Although as foreigners, we were in considerably less danger, we had been told to remain indoors and refrain from observing any of the protests close up. We would have been putting ourselves in danger as the state is ever wary of foreign spies. Of course had things escalated, our respective embassies would have stepped up and escorted us to safety. Still, for many of us it was out first experience of violent political unrest, and we ended up barricading ourselves indoors, more as a precaution than a necessity. We spent a few tense days up on the roof terrace, scanning the skyline for signs of activity. Smoke billowed from various districts, where petrol stations had been set alight or piles of tires were being burned as a sign to fellow demonstrators. We had been warned that a revolution or Sudanese Arab Spring was predicted to take place after Friday’s 2 O’clock prayers. We sat in wait with our hearts in our mouths though sadly for the Sudanese, this revolution was never realized. That night, evidently with violent images on his mind, one of us had a nightmare and began punching a friend in his sleep. I awoke to bloodcurdling screams and felt that Armageddon had come.
Not having witnessed any of the violence first-hand made mine a very surreal, skin-deep experience. We watched from the sidelines with mere illusions of danger, and of course we were never really in jeopardy. The people whose lives were at risk were our friends, colleagues and neighbours, fearlessly standing up to the powerful and unrelenting monster of the state. A week later, I marvelled at how things had gone back to normal as if nothing had happened. Yet we were still on edge, and there were a lot more rifles around; another novelty for me. Police and guards cracked the safety latches threateningly and the hairs stood up on my neck.
So I’ve bought the ultra-cool must-have leggings from Topshop. What’s next?
Last night I was talking to a French friend about how our lives in Europe differ from in Sudan, and she made me realize that I did actually achieve my main goal in travelling to a Third World country, which was to remind myself of what is truly important in life.
In England and other countries whose culture has being dominated by consumerism, we are constantly being bombarded with information and ultimately brainwashed into thinking that what is important is money, new products and staying on trend. Unfortunately these convictions simply lead to a fruitless and frustrated search for fulfilment down the wrong alley.
I had never truly realized how much our thoughts and actions were being controlled by the media in Europe, as after all we generally consider ourselves to be free here. Being away from all of this; the media sources, celebrity and popular culture as well as the endless stream of consumer goods you are told you “need”, you can finally decide for yourself what your priorities should be. Unsurprisingly, these are quite different from those portrayed by businesses.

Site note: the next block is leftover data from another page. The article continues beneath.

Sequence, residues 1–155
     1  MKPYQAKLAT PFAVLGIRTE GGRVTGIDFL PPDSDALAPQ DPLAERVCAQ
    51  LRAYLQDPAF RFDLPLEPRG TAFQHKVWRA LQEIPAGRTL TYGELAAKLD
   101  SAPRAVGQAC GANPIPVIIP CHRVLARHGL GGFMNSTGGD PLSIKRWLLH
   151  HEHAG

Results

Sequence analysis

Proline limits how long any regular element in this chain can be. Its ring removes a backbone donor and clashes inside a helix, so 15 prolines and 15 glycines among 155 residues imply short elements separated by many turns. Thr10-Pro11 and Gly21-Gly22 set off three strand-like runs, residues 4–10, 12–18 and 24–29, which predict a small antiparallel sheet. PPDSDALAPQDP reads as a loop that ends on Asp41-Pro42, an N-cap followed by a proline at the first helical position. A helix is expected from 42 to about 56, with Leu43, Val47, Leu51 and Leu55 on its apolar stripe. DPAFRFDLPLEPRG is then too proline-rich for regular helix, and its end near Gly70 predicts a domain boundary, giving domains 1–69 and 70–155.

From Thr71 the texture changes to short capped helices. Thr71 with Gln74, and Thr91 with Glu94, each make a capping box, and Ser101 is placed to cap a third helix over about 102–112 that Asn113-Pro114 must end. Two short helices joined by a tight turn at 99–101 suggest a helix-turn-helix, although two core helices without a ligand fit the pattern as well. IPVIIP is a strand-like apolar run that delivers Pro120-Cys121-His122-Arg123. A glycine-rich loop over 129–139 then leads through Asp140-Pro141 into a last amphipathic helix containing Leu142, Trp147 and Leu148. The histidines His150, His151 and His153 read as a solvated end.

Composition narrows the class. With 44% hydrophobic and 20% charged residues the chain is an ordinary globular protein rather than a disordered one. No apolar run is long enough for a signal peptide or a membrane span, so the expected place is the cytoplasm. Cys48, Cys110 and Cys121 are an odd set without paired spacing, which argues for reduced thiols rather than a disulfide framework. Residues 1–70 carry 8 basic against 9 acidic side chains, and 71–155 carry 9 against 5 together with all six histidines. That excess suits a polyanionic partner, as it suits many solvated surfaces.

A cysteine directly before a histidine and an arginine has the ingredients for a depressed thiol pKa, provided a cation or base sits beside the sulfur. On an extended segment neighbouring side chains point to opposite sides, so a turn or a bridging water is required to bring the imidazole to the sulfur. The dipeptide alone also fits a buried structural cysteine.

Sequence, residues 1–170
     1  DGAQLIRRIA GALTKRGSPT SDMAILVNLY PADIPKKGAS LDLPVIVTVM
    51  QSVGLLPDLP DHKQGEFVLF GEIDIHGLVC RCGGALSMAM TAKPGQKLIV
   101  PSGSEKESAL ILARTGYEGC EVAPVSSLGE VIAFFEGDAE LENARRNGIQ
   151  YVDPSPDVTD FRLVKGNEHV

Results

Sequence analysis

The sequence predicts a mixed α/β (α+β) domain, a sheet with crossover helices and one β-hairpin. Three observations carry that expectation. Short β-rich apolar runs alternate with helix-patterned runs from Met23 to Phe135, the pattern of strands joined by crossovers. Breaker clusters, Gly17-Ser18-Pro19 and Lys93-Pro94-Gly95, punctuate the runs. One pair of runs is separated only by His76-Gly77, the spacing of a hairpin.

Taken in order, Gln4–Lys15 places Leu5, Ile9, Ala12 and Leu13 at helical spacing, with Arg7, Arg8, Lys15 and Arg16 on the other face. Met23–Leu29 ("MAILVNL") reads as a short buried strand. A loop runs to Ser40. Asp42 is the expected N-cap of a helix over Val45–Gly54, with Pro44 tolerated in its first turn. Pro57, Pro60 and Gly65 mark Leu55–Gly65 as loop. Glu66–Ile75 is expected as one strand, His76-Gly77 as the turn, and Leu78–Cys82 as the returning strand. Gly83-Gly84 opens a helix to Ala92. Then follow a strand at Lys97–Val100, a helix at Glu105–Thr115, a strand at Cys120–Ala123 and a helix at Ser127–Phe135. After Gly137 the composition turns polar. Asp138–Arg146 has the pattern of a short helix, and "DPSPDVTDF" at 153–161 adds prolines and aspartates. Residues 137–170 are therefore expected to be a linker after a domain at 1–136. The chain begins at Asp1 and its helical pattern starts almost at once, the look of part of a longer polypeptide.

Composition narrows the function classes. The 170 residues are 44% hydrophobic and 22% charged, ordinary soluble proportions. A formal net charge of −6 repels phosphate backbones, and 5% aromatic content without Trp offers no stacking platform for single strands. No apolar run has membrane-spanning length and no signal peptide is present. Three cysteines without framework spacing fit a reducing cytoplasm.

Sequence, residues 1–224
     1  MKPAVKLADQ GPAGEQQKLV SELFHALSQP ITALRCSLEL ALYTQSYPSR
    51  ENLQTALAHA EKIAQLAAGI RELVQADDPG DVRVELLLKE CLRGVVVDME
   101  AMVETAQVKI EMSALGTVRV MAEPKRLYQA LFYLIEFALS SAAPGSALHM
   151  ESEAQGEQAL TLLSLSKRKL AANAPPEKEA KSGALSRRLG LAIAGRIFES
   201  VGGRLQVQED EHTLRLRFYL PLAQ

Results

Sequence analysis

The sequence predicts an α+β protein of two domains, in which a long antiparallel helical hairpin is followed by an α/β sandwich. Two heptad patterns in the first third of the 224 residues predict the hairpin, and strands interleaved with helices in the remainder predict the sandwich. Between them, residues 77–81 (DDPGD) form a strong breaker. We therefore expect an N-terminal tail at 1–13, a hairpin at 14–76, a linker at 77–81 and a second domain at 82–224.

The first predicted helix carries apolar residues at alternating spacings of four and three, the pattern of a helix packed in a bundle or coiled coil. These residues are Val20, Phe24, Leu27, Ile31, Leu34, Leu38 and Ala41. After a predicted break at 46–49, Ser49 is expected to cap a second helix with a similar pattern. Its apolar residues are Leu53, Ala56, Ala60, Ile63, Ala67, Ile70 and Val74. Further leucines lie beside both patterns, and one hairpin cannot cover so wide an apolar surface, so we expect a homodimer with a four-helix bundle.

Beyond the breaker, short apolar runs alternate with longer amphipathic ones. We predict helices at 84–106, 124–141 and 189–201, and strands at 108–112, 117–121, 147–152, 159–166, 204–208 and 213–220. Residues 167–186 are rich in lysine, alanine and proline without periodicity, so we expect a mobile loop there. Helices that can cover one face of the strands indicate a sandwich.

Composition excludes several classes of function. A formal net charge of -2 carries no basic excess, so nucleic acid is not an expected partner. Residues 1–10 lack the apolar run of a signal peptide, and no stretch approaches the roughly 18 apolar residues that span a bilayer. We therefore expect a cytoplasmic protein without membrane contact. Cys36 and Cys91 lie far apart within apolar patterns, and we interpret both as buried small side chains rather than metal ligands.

As my friend rightly pointed out, as much enjoyment can come from sipping an expensive cocktail at a trendy bar as from drinking a 3-guinee cup of tea with friends, sitting in plastic chairs by the Nile. After all, it’s not where you are but who you’re with that counts. On my last night in Sudan, we did just this, and had such a good time that we stayed on Nile Street until well after the tea lady had packed up and gone home. We laughed and joked until my voice was sore, then sang along to the playlist blasting from my friend’s car.
Moya – water
Shay bi nana/kurfa/zanjebeel – tea with mint/cinnamon/ginger
Karkaday – hibiscus
Assir – juice
Laban – milk
Jebena/gahwa – spiced coffee
Obasha – mix of 7up and yoghurt
Sherbot – local beer brewed from dates
Aragi – local liquor made from dates
Aaysh – bread
Rice – ruz
Tuffa – apple
Samak – fish
Fatura – breakfast
Fatira – Sudanese flatbread
Dakwa – peanut paste
Fuul – fava beans (dried or pureed as a dish)
Fatta – a mix of ripped up stale bread, tomatoes, onion, green leaves and stock
Kissra – thin pancake-style bread often served with lamb and a sauce
Gurassa – think pancake-style bread served with a sticky sauce made from spinach, okra, or meat and given its consistency from okra powder
Assida – porridge (moulded) and often served with a bread sauce
Tahina – sesame-seed paste mixed with spices, garlic and lemon
Baba ghanoosh – aubergine puree
Sharwarma – kebab meat in fatira/bread
Farowla – strawberries
Manga – mango
Gawafa – guava
Bateekh – Watermelon
Lamoon – lemon/lime
Tamatem – tomato
Chicken mandi – Syrian dish of spiced chicken with yellow rice
Om ali – Egyptian/North Sudanese dessert of flakey pastry, nuts, raisins, milk and spices
Addis – pureed yellow lentils